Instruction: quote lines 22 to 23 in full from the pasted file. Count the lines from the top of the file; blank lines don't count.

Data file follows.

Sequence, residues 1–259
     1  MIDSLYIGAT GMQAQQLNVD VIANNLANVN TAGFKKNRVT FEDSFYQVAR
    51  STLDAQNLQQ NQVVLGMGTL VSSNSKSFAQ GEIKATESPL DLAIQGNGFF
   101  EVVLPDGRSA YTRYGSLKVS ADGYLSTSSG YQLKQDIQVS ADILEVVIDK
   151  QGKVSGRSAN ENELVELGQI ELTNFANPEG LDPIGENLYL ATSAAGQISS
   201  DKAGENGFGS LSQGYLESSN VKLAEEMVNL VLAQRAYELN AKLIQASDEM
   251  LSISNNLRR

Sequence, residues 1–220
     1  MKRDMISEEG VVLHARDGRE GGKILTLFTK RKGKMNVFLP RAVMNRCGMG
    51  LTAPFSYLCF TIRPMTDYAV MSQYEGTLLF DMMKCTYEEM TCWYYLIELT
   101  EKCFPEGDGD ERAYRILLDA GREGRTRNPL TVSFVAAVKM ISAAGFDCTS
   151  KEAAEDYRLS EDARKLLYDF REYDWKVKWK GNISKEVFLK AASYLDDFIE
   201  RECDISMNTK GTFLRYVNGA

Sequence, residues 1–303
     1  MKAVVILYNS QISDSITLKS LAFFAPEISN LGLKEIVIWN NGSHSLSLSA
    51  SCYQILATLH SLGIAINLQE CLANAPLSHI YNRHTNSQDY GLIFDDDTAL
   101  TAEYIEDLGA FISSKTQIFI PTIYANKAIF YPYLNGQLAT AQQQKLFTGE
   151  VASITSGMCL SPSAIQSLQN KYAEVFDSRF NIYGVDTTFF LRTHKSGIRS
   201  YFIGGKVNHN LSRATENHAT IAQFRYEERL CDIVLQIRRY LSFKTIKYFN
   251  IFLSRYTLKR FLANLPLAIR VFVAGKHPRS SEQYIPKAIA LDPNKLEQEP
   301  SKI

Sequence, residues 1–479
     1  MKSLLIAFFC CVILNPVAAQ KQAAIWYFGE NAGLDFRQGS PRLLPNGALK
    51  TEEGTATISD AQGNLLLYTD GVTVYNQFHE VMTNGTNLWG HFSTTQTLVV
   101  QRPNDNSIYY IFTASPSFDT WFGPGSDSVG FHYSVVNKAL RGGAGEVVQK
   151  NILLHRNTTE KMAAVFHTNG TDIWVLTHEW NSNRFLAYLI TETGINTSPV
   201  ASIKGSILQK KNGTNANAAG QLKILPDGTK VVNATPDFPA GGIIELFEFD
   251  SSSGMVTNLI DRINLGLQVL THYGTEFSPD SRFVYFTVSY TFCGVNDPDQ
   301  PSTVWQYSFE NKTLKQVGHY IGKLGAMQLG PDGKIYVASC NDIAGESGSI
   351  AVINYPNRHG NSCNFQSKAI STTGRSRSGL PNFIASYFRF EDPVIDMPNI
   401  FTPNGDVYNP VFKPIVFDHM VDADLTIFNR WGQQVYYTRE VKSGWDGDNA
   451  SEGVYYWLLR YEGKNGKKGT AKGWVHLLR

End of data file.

Sequence, residues 1–479
     1  MKSLLIAFFC CVILNPVAAQ KQAAIWYFGE NAGLDFRQGS PRLLPNGALK